Genes and Cells
Cell production and division allows the human body to efficiently grow and maintain itself. To achieve this, the body must coordinate the interactions between thousands of production and division activities at any given time. This process is called cell proliferation.
Cell proliferation is highly regulated to maintain the supply, distribution and use of energy and chemicals, while maintaining chemical and temperature balance. Further, cell proliferation is not equal throughout the body. For instance, when it comes to the largest organ in the body, the skin, cells are automatically sloughed off and replaced with newer ones on a daily basis. In other parts, typically involving internal components like nerve cells and heart muscles, the body has significantly limited replacement and repair options.
Prior to division, the cell must first be perfectly duplicated based on the encoded genetic information contained within the DNA. This process, called DNA replication, is triggered by an enzyme called DNA polymerase. This enzyme facilitates the transcription of DNA molecules from deoxyribonucleotides by connecting the ends of the 3′ hydroxyl and the 5′ phosphate nucleotide groups. Each sequence of the DNA serves as a template for the nucleotides in a new sequence. Upon completion, a new identical DNA sequence will exists in the protein strand. If perfect replication is not achieved, the DNA polymerase will erase the sequence and construct a new one. This process will be repeated tens of thousands of times over on a daily basis.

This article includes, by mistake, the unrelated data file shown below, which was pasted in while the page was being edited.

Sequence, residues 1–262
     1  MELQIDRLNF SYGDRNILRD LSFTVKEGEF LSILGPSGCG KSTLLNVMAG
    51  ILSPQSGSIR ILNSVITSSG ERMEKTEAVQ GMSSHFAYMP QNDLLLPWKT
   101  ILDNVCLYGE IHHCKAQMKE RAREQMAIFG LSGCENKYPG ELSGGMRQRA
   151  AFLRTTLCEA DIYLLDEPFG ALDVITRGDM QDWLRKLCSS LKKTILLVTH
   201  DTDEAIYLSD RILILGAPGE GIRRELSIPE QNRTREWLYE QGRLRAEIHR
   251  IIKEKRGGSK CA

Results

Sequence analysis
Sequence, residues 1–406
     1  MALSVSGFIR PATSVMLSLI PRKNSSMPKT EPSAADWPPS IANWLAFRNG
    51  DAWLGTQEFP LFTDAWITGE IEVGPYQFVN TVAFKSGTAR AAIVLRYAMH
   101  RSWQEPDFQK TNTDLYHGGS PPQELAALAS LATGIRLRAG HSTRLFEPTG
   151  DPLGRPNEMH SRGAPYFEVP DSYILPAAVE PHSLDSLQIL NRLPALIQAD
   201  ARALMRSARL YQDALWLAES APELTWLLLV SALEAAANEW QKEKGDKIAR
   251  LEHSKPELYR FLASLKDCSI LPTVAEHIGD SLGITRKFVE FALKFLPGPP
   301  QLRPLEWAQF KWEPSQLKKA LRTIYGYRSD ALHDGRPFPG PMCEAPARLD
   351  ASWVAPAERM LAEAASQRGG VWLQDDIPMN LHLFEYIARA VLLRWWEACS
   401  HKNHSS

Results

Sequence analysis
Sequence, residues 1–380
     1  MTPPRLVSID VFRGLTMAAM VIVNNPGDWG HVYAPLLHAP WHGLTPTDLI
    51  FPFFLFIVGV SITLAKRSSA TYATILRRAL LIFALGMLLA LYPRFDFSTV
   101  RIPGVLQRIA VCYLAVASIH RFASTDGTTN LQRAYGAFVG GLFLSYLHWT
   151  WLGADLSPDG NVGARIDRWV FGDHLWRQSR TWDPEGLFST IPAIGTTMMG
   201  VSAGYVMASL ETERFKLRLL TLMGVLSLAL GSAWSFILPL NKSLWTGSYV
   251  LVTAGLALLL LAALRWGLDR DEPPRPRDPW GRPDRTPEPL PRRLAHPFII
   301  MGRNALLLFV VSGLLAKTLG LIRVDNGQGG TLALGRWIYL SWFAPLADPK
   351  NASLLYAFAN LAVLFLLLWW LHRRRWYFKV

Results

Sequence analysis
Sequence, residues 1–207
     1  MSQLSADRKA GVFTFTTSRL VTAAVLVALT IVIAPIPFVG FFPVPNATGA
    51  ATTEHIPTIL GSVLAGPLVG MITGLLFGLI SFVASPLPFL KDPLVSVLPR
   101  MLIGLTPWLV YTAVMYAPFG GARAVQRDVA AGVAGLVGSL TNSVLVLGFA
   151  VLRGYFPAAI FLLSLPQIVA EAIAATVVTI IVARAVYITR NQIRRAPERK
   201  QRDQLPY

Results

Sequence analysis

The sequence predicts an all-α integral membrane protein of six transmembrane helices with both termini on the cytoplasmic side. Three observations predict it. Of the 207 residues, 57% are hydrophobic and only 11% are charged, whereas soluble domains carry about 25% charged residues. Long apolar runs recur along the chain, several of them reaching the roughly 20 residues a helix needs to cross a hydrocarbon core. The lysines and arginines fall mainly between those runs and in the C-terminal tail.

After the replication is completed, the DNAs will coil unto themselves tightly to create chromosomes. Subsequently, each chromosome will split vertically, and thus, create two identical chromatids. Thereafter, each new pair of chromatids will be divided in the five phase mitosis – prophase, prometaphase, metaphase, anaphase and telophase.
Once mitosis is concluded, a further division occurs involving the cytoplasm. This process is called cytokinesis, which will ultimately lead to the formation of cell membranes and cell walls.
A systematic failure during division and proliferation will create cancer cells which will gradually coalesce into tumours.